Kopko, by contrast, told me he “enthusiastically” supported the 2019 reform and criticized law enforcement groups for “fear mongering” against it before they even came into effect.
Besides Tompkins and Westchester, only 12 New York counties have DA races this year; others will hold elections in the years ahead, including in 2021 in Brooklyn and Manhattan, where Black Lives Matter is already making waves.
In other ways, Kopko and Rocah do not fit the mold of some of the candidates who have run on the bolder progressive platforms to which we have recently grown accustomed from Queens and San Francisco to Austin.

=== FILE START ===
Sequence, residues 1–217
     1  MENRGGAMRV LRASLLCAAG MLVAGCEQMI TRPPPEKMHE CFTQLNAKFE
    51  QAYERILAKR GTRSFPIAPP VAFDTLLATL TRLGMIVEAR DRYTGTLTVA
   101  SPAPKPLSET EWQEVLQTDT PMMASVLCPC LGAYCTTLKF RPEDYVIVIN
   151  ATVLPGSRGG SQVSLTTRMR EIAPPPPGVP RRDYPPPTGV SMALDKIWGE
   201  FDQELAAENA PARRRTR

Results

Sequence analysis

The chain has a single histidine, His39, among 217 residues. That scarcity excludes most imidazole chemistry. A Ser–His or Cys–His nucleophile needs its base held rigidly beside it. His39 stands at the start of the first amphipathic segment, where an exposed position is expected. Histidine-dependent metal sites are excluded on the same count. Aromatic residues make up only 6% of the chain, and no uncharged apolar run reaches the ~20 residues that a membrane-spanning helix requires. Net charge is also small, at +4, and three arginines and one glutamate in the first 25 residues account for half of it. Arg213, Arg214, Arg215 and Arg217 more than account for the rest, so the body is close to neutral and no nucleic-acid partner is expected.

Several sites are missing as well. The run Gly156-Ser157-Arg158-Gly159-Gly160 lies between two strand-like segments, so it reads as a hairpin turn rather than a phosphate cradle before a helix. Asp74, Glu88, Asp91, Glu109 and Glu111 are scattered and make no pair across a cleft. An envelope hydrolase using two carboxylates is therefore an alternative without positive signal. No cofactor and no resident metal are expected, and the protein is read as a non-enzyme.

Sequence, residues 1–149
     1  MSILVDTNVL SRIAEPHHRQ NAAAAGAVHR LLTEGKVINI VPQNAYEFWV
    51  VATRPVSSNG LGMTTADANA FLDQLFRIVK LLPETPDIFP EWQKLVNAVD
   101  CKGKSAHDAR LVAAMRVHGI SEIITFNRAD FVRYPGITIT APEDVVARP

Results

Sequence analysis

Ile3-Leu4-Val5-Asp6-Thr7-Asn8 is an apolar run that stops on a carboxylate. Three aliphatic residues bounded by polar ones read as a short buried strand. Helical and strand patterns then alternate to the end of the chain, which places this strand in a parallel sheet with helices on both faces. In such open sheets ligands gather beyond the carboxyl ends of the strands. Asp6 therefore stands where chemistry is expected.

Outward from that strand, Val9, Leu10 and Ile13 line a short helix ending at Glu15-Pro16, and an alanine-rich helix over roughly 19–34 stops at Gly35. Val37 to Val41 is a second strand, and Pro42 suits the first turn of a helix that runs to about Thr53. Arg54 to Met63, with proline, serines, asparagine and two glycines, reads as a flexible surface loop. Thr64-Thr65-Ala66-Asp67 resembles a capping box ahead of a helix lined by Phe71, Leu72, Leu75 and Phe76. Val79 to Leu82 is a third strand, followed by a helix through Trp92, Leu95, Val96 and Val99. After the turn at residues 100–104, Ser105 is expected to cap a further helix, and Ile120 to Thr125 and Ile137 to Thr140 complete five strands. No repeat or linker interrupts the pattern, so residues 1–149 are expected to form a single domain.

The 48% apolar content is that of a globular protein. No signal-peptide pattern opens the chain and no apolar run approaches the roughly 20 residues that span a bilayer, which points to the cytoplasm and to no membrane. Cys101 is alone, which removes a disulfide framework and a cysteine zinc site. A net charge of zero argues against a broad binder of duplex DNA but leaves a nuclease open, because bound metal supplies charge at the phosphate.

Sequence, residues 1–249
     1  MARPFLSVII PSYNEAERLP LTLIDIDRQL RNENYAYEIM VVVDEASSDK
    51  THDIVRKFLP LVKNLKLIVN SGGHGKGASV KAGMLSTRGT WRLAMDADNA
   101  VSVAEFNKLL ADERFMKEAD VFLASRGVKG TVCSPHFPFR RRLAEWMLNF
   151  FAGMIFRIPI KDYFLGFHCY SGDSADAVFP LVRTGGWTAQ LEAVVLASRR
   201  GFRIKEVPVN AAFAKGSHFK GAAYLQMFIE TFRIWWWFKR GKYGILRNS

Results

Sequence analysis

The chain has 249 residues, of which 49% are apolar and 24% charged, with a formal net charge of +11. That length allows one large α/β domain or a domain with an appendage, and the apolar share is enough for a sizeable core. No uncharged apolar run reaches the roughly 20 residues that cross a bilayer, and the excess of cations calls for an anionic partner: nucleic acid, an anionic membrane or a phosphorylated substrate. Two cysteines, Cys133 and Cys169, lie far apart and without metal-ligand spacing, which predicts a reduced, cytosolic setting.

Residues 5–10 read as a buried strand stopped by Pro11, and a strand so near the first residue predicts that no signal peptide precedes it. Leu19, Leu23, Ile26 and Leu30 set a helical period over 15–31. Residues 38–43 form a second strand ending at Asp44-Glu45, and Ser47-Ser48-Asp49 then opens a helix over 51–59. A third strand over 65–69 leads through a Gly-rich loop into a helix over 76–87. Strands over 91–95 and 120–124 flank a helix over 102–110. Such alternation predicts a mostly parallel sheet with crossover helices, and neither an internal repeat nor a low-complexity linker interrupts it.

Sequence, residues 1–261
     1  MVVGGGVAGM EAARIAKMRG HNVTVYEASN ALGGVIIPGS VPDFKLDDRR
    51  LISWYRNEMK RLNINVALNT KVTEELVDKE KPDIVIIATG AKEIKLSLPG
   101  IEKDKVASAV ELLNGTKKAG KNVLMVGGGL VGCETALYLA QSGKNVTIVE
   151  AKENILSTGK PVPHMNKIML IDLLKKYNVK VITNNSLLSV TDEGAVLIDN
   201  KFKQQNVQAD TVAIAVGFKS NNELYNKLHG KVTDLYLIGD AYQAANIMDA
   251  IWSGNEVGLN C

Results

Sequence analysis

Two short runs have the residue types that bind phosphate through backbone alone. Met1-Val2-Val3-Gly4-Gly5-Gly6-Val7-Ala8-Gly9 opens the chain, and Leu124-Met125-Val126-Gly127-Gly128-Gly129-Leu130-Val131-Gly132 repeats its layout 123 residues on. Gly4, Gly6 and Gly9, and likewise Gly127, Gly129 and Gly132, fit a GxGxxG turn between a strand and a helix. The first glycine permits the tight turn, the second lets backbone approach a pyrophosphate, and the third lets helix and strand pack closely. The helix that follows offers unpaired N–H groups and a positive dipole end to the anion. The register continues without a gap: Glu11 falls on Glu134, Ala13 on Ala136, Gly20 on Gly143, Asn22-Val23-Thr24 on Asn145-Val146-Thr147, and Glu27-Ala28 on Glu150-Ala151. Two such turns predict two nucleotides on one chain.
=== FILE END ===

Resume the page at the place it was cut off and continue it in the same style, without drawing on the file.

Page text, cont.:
Kopko cast policing issues as a matter of “rare rogue police officers.” He would rather shift more funding toward “extensive training” and better police responses to mental health crises, he said, than reducing police budgets and steering such tasks to non-police workers. He framed his interest in reform by drawing a stark if conventional line between nonviolent and violent offenses, referring to those who are “beyond help.”
And he faulted Van Houten for recusing himself from the prosecution of two officers accused of rape and perjury; the cases were transferred to a DA elsewhere. Van Houten says this was to avoid perceptions of a conflict of interest. “The only way to ensure that [an officer] is prosecuted just like anybody else in this community is to have a prosecutor that doesn’t know him,” he said. Kopko argues that this fosters a sense of impunity, and that he would pursue such cases within his office; he similarly opposes creating a civilian review board with the power to issue subpoenas because “I would rather do that myself because the people have elected me to do that.”